Equally important to Butkins, however, was the company behind the product. And in Creo he recognized an organization similar to his own - young, smart and eager to please its clients. "From an engineering point of view, we've been very impressed by Creo's staff. You don't have to wait a week to get an answer; the tech support person starts writing code that day. As a company, Creo is structured to deliver service - you can smell it."
Given that this is Creo's first thermal TrendSetter installation, Butkins knows that support will be a key issue in making it perform optimally. "I knew there would be challenges because this is new technology and, therefore, I had to be sure that Creo would work with us to solve them," he confides. "I've been pretty pleased so far."
The platesetter is just one part of the puzzle, however, and Calsonic Miura wanted to make sure that the digital infrastructure for CTP would also position them for direct-to-press imaging. Thus, the TrendServer and Creo's software were equally important parts of the solution.
Connected to an image server via FDDI, the TrendServer performs OPI automatically and features the Overture software suite to help Calsonic's staff manage print queues and proofing. Further, its Allegro RIP is configured for both proofing and platesetting from either the Scitex or PostScript workflows using Overture and "hot folders" for Macs on the network.
With digital proofing being one of the reasons why CTP has met resistance from many print buyers, Calsonic Miura's team knows it must match the proof to the press sheet. To increase the fidelity of the proofing process, Allegro uses the same RIP for both proofing and platesetting. Creo also supplied Calsonic with a prototype of its Harmony calibration utility, enabling the printer to match the dot gain curves of its proofing devices to each of its presses' dot gain curves.
Beyond providing Calsonic Miura with a myriad of hardware and software, Creo has spent considerable time training its employees in the new workflow. Applications engineer Becky Henderson spent two weeks with members of Calsonic's prepress department and, working with Prepress Systems Manager Luis Vellanoweth, designed new workflows to take advantage of the new system.
For example, many signatures contain not only different application files but also different trim sizes. As a result, CMG employees were using QuarkX-Press to build custom forms for virtually every job. Adding to the complexity, customers like to see proofs in reader's spreads. The result was that 80 percent of the imposition work ended up being done on the light table.
Now, using ScenicSoft's Preps imposition utility, all stripping can be done electronically, thus saving time and money. For final verification, operators rely on Overture's Virtual Proofing System that displays a bitmap of each plate or signature - including backup - on any Mac monitor on the network.
While all of these tools are designed to improve both quality and productivity inside the plant, they should also bolster Calsonic's sales efforts. According to Victor Roth, vice president of sales, "We look at production and sales as joined at the hip," he informs. "Reducing material and labor costs, staying on time with press okays and improving production efficiency can only benefit our salesforce."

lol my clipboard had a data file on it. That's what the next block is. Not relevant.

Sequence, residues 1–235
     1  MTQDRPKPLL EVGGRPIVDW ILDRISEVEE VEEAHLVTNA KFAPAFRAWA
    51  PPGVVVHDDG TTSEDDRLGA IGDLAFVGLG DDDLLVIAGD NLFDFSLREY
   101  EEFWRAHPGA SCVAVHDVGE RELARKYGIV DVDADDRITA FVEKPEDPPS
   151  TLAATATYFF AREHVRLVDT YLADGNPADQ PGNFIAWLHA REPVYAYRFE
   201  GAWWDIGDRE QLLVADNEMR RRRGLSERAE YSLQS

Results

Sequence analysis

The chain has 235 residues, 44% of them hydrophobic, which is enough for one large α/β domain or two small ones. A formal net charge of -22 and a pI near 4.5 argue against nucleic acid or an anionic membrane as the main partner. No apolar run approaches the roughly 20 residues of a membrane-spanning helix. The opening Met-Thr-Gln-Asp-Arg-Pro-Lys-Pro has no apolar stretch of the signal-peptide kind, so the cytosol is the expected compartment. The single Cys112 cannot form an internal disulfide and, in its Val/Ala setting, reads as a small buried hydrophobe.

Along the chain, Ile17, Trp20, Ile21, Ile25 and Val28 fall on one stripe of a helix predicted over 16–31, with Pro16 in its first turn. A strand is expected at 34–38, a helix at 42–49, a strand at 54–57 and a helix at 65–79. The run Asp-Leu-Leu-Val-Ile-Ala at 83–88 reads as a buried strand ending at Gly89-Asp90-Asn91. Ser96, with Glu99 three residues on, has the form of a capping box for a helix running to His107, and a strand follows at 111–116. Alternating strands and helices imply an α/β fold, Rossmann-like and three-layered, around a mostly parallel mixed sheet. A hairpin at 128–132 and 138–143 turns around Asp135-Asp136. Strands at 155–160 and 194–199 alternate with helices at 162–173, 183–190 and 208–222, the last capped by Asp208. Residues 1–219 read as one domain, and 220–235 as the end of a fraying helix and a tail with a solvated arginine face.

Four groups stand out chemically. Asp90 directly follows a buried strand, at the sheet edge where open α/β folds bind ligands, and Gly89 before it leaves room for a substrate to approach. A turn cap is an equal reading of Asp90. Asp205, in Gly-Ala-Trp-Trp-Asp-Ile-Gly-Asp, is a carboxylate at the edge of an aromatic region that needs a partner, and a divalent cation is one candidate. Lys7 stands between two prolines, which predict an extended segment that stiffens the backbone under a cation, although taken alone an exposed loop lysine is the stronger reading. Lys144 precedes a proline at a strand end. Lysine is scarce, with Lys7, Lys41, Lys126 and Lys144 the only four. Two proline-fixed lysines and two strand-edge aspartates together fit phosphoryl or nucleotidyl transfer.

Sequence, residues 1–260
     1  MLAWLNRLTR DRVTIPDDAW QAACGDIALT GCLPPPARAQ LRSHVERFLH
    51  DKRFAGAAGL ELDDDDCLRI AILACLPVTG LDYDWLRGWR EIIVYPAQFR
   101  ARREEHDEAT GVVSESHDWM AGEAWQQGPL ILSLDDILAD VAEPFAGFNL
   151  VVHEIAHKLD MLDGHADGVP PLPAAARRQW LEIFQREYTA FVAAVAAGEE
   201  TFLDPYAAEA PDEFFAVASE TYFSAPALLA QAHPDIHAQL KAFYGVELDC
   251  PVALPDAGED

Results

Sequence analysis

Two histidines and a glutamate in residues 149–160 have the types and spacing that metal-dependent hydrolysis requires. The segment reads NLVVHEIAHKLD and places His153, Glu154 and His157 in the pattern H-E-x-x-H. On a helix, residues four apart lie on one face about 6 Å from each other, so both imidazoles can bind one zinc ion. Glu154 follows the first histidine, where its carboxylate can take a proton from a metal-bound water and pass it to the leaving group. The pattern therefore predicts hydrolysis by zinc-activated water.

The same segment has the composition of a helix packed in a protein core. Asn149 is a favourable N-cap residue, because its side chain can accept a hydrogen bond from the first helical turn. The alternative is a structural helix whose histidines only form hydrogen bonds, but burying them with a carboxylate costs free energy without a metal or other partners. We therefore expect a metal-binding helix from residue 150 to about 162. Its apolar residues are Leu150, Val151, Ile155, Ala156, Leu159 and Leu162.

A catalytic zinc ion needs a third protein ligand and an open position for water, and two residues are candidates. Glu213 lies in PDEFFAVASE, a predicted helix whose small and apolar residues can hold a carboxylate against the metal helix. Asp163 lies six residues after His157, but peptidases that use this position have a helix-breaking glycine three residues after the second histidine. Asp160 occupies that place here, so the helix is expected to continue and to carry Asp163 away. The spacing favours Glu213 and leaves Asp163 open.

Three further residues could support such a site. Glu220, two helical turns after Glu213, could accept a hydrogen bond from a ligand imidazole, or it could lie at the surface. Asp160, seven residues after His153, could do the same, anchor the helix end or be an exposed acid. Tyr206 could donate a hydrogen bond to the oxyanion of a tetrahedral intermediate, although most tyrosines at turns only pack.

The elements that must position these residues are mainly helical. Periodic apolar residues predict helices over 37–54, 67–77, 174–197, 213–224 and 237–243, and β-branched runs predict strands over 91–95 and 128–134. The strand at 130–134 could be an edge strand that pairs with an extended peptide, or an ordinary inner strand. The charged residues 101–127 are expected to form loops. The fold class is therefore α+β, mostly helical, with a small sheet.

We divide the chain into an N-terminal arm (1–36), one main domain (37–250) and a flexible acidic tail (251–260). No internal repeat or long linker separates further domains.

Roth is counting on qualitative benefits as well. Among them are no dust or optical dot gain that result from traditional platemaking, along with improved registration and fewer plate remakes. "CTP will produce better quality and enable us to provide faster turnaround, and that will make us more competitive," he declares.
With capabilities like this, it's beginning to look like lunch time at Calsonic Miura Graphics.
When Calsonic Miura Graphics opened its doors in 1991, Mac-based prepress equipment lacked the throughput to keep the presses running. Thus it invested in a high-end Screen/Scitex CEPS for its prepress production needs.
But times change and the advent of the PCI bus on the Power Macintosh has made the desktop almost as productive as a Scitex workstation - at a fraction of the cost. In addition, customers have invested in their own front-end systems and want to play a more integral role in the production process. Whether it's high-res retouching or taking final files back for other applications, clients are demanding compatibility via open systems.
Sensing this opportunity, Calsonic Miura's management opted to migrate to a PostScript-based workflow. On the input side, the firm's Screen SG-737 and SG-757 drum scanners present no problems, as they can generate TIFFs. And its Harlequin RIP and Screen MT-R1120 imagesetter are at home with PostScript files.
The Scitex workstations are a different story. And since Calsonic Miura plans to continue using its Scitex Pris-magic and micro Assembler workstations for image retouching and page assembly, it needed a way to integrate the CT/LW files with PostScript and develop workflows to maximize the productivity of each.
To solve this problem, Creo's software engineers developed the CEPS-Link interface so that it would work seamlessly with Creo's TrendServer for proofing as well as platesetting. Since both the Trendsetter and Kodak Approval proofer use the same RIP, customers are assured of getting the same results on plate as they do on the color proof.
To generate proofs, separated files are sent to a hot folder that automatically creates reader's spreads (two-up) for output on the Approval PS. For platesetting, all high-resolution files go into a designated folder on the TrendServer, while the low-res proxies go into an imposition folder with aliases on the Mac network so that operators can build signatures using Preps imposition software.
For PostScript files, the workflow is less complicated. Here pages are assembled in Quark, trapped in Trap-Wise and saved as PostScript. For contract proofs, operators create reader's spreads and send the separated file to the Approval. As with the Scitex workflow, proxies go into an imposition folder for final assembly.
From contract proofing onward, the workflows are the same. Once the client gives the okay, operators build fiats in Preps and save the PostScript files to a folder on TrendServer, which then performs OPI, RIPs the file and sends the bitmaps to the Trendsetter for imaging onto the plates.